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Activision held back damning numbers about workplace misconduct - report

It's reported that over 700 employee concerns were logged by the company.

Activision Blizzard has fired or disciplined a number of employees since misconduct allegations came out in July, the number of which was set to be made public, but was ultimately held back by CEO Bobby Kotick.

According to a report from The Wall Street Journal, three dozen employees have been let go by the company while around 40 others have been disciplined since misconduct allegations and instances of sexual harassment came to light after California filed a lawsuit against the company.

Word of actions taken against employees was scheduled to be released by Activision before the winter holidays, but CEO Bobby Kotick felt the information would make issues the company was facing seem larger than what is already public knowledge.

It is also stated in the WSJ report that the number of complaints filed by employees to Activision Blizzard stands at around 700. These complaints cover misconduct and other issues along with separate reports covering what was brought to light back in July. It is said that Activision has reviewed over 90% of the 700 employee reports, a figure that is up from the 500 reports of workplace misconduct complied in November, which is a figure that Activision spokesperson Helaine Klasky has denounced.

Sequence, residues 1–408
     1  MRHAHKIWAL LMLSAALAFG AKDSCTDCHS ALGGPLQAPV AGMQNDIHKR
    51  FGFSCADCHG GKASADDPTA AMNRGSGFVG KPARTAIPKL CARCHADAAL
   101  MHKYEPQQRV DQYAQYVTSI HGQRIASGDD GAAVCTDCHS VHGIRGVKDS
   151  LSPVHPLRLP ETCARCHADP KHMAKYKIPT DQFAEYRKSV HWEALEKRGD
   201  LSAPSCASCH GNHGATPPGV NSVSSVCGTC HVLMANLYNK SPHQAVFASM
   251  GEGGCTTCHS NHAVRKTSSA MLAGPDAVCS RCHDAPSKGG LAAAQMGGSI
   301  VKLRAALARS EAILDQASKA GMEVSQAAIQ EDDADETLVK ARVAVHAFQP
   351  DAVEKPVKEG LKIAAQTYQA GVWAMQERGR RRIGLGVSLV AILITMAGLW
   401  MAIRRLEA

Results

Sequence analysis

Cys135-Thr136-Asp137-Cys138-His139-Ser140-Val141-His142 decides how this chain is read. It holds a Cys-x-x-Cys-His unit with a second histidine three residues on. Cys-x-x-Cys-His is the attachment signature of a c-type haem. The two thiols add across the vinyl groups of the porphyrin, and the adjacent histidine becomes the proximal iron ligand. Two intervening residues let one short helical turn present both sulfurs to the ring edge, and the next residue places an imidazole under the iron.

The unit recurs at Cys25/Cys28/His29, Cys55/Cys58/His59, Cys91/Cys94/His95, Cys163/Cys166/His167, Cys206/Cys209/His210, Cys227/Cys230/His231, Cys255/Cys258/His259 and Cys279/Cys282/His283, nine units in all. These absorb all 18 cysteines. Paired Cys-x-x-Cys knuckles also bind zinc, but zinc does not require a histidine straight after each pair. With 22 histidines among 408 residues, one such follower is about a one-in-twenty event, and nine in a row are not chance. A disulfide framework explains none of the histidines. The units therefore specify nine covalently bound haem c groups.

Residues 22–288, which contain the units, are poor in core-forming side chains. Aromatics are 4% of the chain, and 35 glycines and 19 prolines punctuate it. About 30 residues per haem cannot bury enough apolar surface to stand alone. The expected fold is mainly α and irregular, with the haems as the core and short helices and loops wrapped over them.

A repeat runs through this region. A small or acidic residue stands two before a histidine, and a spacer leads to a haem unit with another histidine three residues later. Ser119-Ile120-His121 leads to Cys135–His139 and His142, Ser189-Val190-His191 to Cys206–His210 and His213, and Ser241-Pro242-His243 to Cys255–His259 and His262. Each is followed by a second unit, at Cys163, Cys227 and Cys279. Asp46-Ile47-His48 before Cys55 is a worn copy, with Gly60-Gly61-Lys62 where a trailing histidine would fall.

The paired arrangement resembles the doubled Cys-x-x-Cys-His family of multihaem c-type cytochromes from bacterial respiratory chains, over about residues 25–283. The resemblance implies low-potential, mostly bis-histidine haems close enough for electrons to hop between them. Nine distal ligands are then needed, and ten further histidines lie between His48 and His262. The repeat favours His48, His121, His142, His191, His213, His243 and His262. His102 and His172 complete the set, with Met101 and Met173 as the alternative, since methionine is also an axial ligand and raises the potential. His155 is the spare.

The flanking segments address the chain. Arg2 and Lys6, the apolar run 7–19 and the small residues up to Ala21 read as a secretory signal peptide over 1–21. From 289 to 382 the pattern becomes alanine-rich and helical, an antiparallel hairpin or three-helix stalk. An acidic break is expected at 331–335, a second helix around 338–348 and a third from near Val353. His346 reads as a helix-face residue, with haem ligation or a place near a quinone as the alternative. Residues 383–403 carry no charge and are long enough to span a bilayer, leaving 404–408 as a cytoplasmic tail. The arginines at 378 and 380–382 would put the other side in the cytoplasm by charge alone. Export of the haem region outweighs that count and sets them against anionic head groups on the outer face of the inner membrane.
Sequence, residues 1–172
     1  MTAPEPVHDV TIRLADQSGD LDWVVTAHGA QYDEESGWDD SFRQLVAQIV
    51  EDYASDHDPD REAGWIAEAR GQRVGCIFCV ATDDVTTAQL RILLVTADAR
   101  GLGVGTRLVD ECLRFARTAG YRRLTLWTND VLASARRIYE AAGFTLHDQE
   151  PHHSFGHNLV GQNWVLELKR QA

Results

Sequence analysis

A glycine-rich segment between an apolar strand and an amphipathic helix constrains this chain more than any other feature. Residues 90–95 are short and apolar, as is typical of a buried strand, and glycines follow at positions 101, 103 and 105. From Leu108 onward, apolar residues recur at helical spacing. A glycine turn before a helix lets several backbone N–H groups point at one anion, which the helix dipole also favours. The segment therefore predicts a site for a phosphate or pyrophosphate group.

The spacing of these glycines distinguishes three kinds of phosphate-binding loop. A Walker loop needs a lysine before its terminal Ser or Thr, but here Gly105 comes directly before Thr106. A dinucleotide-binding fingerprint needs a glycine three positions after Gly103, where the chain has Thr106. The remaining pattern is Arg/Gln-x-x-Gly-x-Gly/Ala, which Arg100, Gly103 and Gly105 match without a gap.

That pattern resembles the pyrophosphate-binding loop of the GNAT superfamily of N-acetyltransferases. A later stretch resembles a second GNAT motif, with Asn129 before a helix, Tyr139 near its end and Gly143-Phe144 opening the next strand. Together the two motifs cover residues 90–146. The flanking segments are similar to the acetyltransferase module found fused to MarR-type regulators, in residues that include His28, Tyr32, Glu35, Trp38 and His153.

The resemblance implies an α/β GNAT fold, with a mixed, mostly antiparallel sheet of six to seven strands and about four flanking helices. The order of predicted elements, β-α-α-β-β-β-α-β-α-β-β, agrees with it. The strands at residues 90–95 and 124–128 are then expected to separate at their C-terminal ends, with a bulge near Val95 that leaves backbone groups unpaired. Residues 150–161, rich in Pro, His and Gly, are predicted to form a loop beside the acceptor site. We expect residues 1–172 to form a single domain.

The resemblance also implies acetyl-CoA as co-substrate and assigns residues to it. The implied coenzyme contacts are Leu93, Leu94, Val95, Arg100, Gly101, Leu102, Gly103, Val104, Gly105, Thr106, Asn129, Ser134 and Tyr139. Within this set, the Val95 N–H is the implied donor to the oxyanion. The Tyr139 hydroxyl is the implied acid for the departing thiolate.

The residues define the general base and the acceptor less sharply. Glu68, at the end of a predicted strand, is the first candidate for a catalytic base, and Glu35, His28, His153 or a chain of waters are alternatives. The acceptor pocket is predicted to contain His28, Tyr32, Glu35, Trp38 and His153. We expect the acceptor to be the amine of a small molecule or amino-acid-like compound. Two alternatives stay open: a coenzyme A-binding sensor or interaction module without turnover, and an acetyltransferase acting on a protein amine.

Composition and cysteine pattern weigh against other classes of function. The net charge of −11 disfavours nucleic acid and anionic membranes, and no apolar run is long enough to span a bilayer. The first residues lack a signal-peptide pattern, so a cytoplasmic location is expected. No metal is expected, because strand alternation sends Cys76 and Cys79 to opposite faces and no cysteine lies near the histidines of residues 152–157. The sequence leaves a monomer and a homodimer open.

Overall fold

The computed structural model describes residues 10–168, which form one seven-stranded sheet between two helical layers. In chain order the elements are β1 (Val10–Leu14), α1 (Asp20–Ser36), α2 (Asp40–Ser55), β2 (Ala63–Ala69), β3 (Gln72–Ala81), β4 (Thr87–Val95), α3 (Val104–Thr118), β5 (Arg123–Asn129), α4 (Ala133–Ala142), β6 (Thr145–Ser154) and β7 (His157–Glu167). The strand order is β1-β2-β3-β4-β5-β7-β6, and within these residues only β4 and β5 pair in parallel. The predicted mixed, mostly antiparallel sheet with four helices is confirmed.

In a statement to the WSJ, Klasky did confirm that 37 people have left the company and that 44 were disciplined as part of the ongoing investigation. Klasky waved off the 700 figure as being inaccurate and issues raised with the company were everything from milder workplace concerns to “a small number” of more serious matters, which have been investigated. Klasky also stated the allegation that Kotick held back information from the public regarding the number of disciplinary actions “is untrue,” as the company’s focus is to make sure it has “accurate data and analysis to share.”

It was announced today that Microsoft has acquired Activision Blizzard for $68.7 billion, which some have found a bit odd considering all of the troubles the latter is still going through, especially after Microsoft said previously it was evaluating its relationship with the company due to all of the allegations. Buying the company outright is one way of evaluating a relationship, we reckon.

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Stephany Nunneley

News Editor

Half-blind/half-dyslexic, bad typist, wine enthusiast, humanitarian, intellectual savant, idiot savior, lover of all things nonsensical, animal hoarder and highly sarcastic.

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